Graduating students of the Dance Artist Institute of the Hungarian Dance University (HDU) specialising in Classical Ballet will present their exam concert at the Hungarian State Opera House on 2 July.
In an article published earlier, the masters were interviewed about the exam concert that concluded nine years of work by the young people. This time, however, the students talk about their experiences, their preparation and the exam concert which will take place on 2 July at the Hungarian State Opera House.
On 27 May, the students performed part of the repertoire of the exam concert at the National Dance Theatre, followed by a performance at the MTE Jr Zoltán Nagy Theatre Room, where students, pupils and staff of the institution were able to watch the whole show.
The examination concert is traditionally a performance consisting of three parts. The first part is a one-act neoclassical ballet, namely the wonderful “Adagio Hammerklavier” choreographed by Hans van Manen. The second part consists of shorter pieces, pas de deux-s and solos, and it also includes excerpts from a romantic and two classical ballets performed the talented graduating students. In the third act, Jacopo Godani’s contemporary piece, “Moto Perpetuo” will be staged with an extensive movement repertoire. It is the first time that the choreography will be shown in Hungary.
Gvendolin Nagy, who is this year’s best graduating student of the classical ballet specialisation, winner of the Ágnes Roboz Award, recalled the rehearsal process after the class presented the concert exam at the university.
“We’ve been working on the exam concert for a long time and the process is varied, because every piece has a different master. In addition to the two masters of the year, Márta-Fodor Molnár and Szilárd Macher, I would like to mention Tamás Darai’s name as well, who was the teacher of the piece “Moto Perpetuo”. We worked with them and many other excellent masters. There are difficult days, but we get maximum support and if we are surrounded by a good atmosphere, and wonderful things can come out of it”, added Gvendolin Nagy. “It’s good that we performed the exam concert together, because we feel what it’s like to dance three pieces in a row. It’s a pleasure to dance with my peers and friends, it was a successful day for all of us.”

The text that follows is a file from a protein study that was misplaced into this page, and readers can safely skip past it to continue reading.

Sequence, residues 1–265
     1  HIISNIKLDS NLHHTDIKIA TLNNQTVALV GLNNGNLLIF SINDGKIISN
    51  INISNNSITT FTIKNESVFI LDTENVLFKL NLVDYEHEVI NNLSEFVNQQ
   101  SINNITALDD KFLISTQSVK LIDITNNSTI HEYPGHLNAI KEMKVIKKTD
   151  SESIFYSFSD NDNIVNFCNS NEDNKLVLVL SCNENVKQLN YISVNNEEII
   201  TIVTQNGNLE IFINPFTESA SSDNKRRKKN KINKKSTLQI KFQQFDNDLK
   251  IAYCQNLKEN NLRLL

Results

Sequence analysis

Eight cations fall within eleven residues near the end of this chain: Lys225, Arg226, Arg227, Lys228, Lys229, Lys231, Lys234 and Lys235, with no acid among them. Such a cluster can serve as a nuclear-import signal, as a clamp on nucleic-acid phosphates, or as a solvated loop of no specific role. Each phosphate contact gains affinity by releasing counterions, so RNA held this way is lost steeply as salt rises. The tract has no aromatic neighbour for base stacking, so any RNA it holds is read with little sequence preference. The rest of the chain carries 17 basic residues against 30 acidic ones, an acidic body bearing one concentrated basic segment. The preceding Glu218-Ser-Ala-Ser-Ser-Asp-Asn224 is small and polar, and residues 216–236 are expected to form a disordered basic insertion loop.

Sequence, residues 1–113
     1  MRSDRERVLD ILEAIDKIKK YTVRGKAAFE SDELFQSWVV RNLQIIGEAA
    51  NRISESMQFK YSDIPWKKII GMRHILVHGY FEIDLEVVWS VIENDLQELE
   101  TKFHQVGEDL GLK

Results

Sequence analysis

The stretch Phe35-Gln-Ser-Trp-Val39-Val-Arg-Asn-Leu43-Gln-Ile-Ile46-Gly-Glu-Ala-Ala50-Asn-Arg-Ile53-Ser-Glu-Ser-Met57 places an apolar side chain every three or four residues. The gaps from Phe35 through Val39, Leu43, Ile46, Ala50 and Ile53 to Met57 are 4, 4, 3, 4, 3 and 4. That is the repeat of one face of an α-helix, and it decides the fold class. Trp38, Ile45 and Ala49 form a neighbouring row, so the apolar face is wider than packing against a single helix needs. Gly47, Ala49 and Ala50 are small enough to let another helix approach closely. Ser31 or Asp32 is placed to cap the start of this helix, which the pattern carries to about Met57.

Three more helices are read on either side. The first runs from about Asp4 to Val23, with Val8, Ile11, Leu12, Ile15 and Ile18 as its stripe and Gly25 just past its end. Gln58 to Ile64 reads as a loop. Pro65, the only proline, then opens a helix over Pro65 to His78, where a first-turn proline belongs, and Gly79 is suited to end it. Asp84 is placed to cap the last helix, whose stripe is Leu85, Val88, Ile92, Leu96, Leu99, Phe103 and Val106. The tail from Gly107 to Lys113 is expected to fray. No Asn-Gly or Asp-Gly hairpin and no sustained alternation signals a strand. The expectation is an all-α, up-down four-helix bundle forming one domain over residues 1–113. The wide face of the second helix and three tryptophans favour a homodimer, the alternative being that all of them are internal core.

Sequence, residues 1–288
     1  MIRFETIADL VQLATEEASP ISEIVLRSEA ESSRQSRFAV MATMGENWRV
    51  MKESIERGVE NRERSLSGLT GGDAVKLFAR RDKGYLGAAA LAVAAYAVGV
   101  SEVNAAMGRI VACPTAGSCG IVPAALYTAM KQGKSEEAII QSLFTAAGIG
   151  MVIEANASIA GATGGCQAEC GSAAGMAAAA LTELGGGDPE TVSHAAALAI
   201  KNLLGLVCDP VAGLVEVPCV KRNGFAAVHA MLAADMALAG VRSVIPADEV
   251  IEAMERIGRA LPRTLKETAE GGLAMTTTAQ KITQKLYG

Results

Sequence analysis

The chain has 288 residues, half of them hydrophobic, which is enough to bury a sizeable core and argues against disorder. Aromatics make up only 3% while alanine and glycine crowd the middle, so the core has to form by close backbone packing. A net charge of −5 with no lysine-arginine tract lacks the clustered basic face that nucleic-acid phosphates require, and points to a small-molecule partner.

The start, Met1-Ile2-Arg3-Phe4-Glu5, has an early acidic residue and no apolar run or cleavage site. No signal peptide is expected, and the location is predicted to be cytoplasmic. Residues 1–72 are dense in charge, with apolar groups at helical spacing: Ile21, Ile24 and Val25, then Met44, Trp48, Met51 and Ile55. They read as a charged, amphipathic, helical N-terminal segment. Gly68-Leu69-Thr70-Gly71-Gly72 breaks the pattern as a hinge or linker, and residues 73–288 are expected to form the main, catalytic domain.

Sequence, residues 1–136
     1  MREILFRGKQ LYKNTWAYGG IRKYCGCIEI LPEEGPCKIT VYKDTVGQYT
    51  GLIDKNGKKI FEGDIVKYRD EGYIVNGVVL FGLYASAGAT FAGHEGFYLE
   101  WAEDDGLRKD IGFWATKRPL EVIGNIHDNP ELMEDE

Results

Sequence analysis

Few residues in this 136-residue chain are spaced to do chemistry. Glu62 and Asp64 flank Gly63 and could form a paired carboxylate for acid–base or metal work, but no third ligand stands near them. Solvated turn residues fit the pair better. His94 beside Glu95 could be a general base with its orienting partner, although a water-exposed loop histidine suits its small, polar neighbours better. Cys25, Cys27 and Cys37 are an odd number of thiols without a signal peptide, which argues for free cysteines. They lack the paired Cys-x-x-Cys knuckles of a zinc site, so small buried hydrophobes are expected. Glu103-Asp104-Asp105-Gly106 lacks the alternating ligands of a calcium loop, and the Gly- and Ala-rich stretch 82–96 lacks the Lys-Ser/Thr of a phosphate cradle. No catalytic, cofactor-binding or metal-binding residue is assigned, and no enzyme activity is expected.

Máté Milchram also mentioned the importance of the university’s stage and expressed his thanks to the audience, to whom it was a pleasure to dance their exam concert.
“It was a very balanced performance, we received a lot of support from the audience and our peers. Since we were able to perform on the university stage, we were very confident.”
Borbála Kata Bán said that this time she can be herself in each of the pieces She has good memories of the past months as well as the class
“I really like the two pieces I can dance because I feel I can be myself in both of them. While in the first one I can focus inward, in the third one I can just let out what’s inside me, all the frenzy… I really had fun on stage today too!”
When asked which part is closest to him and why he likes to dance it, Dávid Borka highlighted the first and third act: “Adagio Hammerklavier” and “Moto Perpetuo”.
“Hans van Manen’s “Adagio Hammerklavier” features three couples dancing. We start together. It’s very nice to dance together for the first time. Then the couples dance separately, and finally we finish together. The rhythm of this part is beautiful. At the same time, we also really like the piece “Moto Perpetuo”, where we can let go of everything and put all our energy into it. Here we can really show the best of what we’ve got, all the work we’ve been working for all year is there on the stage.”
Dorottya Lengyel also highlighted the first act of the concert exam, Hans van Manen’s “Adagio Hammerklavier”, which is the closest piece to her heart because, as she said, she can identify with this part the most. The piece was also inspired the subject of her thesis.
“The first act is the one that I mostly feel mine, because my soul is in complete harmony with that piece. I wrote my thesis on “Hammerklavier”, so I know it, I experience it because I had to do a lot of research. It was an alienated, distant piece at the beginning, but listening to the choreographer’s instruction, we made it more and more human. We’ve changed the piece, so now, for example, there’s a lot more eye contact in the choreography, a lot more emotion to express.”